A carbon negative plant opens in Turkey that converts algae into biofuel for planes and much more » El Horticultor

Europe’s first large-scale biorefinery to convert algae into fuels and feedstocks has been completed on the Black Sea coast in Istanbul.

Designed to spearhead a new “bioeconomy”, the refinery, powered entirely by wind energy, will convert species of microalgae into carbon-negative jet fuel, feedstocks, supplements and fertilizers.

They are carbon negative because algae absorb CO2 like plants do, but much faster and in much larger amounts than woody plants like trees. Once turned into products, more of this carbon removed from the atmosphere remains trapped than is released during production, making it carbon negative.

The project was jointly funded by the Turkish government and the European Union, and is just one of a series of initiatives called the INDEPENDENT project. The biorefinery, located at the Sarıtepe campus of Boğaziçi University, can process 1,200 tons of algae per year.

Reports from the refinery indicate that the algae will be used to produce jet fuel which, mixed with 5-10% fossil fuels, will power a flight from Istanbul by the end of the year.

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The plant with 1000 uses

A carbon-negative factory opens in Turkey turning seaweed into biofuel for jets and more

The coconut palm is sometimes called the tree with 1000 uses, well the seaweed is definitely the plant with 1000 uses. Seaweed supplements have been tested in Brazil and Australia as ways to reduce methane emissions from ruminants such as cattle and sheep.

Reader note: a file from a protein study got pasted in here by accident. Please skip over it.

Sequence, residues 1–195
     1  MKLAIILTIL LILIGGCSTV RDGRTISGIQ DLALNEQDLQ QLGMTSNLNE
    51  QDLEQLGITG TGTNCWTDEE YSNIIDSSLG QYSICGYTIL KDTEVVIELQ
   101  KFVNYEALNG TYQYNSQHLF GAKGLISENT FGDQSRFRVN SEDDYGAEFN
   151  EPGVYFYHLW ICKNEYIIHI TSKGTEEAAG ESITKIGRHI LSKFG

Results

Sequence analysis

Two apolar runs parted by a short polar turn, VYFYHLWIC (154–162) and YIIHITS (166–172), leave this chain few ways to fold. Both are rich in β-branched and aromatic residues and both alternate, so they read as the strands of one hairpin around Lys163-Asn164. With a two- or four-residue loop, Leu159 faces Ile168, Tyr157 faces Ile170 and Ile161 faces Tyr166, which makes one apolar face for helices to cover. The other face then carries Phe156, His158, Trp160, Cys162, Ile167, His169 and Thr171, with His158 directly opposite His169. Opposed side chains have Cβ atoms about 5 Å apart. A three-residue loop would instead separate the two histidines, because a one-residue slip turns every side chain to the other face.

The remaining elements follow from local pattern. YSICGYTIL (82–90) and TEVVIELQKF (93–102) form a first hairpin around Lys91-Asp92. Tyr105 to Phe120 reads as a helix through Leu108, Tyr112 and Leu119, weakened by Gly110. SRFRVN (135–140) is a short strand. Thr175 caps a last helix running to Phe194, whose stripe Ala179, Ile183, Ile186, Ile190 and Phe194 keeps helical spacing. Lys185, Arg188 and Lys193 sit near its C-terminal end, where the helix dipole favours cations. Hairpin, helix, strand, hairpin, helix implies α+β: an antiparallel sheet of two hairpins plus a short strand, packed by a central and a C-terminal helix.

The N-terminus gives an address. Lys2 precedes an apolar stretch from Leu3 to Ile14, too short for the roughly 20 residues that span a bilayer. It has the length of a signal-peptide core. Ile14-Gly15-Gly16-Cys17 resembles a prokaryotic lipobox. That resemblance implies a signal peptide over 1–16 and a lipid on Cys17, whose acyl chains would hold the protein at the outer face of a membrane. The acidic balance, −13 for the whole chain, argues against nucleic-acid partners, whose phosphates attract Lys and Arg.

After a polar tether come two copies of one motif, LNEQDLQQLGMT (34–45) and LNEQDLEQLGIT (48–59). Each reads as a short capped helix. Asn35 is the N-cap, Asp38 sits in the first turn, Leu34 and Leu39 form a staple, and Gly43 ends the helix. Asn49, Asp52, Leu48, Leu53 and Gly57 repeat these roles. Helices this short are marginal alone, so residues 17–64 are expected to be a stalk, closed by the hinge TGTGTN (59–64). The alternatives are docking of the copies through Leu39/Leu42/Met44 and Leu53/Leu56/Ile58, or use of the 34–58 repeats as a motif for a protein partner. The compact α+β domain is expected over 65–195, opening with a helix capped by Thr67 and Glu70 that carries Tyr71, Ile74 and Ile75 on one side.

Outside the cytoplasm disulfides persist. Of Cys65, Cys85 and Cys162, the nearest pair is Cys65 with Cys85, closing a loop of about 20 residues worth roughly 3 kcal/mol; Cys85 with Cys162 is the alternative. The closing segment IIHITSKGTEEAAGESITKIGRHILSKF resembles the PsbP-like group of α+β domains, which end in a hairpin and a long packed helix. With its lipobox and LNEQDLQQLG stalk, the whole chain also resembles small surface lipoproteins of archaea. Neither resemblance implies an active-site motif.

Algae, as the INDEPENDIENTES project details, can also be used to absorb phosphorus and nitrogen: two normal and important agricultural inputs which, due to the erosion of topsoil by industrialized agriculture, have heavily polluted coastal resources and fresh water.

Seaweed is eaten as a vegetable in many parts of the world. Wakame and nori in particular are delicious, and when it comes to carbohydrate stores, they are much more nutritious than cereal.

Seaweed supplements are also excellent chelators or compounds that attract and remove heavy metals from the blood, such as cadmium, lead, mercury, and excess levels of less harmful metals. Other benzine-based particles, such as polycyclic aromatic hydrocarbons, which can be released by burning fossil fuels in power plants, car engines, or fireplaces, can also be absorbed by algae chemicals such as spirulina and chlorella before being excreted into the environment. .

Finally, synthetic fertilizers are produced with large amounts of CO2 emissions.

Non-synthetic fertilizers often come from waste fish or shellfish like oyster shells because they are high in nitrogen. Producing fertilizer from algae produced in a carbon-negative biorefinery could revolutionize the industry and bring the attention of lawmakers and environmentalists back to the real sources of emissions around the world: transportation, energy and the making.

(WATCH the video of this story below).

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